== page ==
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How important is a liquidation preference on a $500m round which values Uber at $40b? Not very.

Moreover, most of the institutions doing these late stage rounds and secondaries are the same banks and asset management firms that float the IPOs.

One of the unintended consequences from SOX is the creation of this public-private funding environment where huge private firms and high net worth individuals can invest, but small retail investors are shut out until the venture firms believe the company's value has plateaued (Slide 30). We saw this happen with Facebook, for which there is a ton of second market valuation data from 2007 through the IPO to the present. If you believe that small retail investors should be protected from themselves when it comes to early stage investing, this is a good thing.




> How important is a liquidation preference on a $500m round which values Uber at $40b? Not very.

It's substantial. If VCs get a 1x liquidation preference, then it's (effectively) a no-downside investment since Uber is worth (worst-case) $500M+. If they get >1x and are the last investor (most-preferred), then they are virtually guaranteed solid return. Late stage VCs know what they're doing and valuation is still only half the equation.

As for private firms and high net worth individuals.... that's an entirely different issue; I'm certainly not a fan of accredited investor regulation. I'm also not a huge fan of my retirement (401k funds) being invested into the startup ecosystem without any say in the matter either.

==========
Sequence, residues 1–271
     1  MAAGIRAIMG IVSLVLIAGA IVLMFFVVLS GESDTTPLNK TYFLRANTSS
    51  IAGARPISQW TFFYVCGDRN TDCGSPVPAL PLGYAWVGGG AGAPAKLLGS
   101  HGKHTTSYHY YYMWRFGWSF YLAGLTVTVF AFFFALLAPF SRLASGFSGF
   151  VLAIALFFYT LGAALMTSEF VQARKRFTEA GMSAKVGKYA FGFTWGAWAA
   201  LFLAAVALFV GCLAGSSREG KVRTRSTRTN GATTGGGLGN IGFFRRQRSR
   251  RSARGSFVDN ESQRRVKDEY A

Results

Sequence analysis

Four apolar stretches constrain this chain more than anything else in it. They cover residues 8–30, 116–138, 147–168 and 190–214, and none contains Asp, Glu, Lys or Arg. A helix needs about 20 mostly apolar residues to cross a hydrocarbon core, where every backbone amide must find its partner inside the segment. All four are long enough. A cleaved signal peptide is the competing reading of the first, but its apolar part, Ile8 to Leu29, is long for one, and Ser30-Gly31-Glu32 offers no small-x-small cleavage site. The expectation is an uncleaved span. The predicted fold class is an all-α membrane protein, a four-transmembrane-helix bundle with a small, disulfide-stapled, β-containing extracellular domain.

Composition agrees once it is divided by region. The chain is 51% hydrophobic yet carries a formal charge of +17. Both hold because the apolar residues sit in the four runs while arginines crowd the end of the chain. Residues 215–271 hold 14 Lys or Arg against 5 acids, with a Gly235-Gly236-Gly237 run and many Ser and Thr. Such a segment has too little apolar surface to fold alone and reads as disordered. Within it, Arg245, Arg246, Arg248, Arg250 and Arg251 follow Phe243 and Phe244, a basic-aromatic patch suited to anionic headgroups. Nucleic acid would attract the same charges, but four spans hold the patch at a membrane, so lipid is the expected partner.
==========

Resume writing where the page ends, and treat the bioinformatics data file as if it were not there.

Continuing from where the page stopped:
I personally wouldn't call it substantial. You can quantify the value of the liquidation preference by looking at the difference between the value of the preferred shares and the value of common shares available on secondary markets. Once you have a company that owns its market, has healthy and growing revenue, etc, there is very little difference. This is what happened to Facebook and Twitter. I'm not familiar with Uber but I do track Pinterest and Airbnb and right now their common stock (no preference) sells for about a 10% discount to the latest preferred rounds. Square and Palantir, which people seem to have less faith in (for whatever reason), trade at a steeper but still not what I'd consider substantial discount.


Preferred shares have different terms, they don't all have liquidation preferences. Even if they do, the preference is worth much less once the stock appreciates significantly. For example, if I get a preferred with liquidation preference at some price P then that is worth far more than the same security once the price appreciates to 3*P (since it acts more like a common share, the value of the preference being reduced [since the chance of it being useful is less]).

And which secondary markets are those?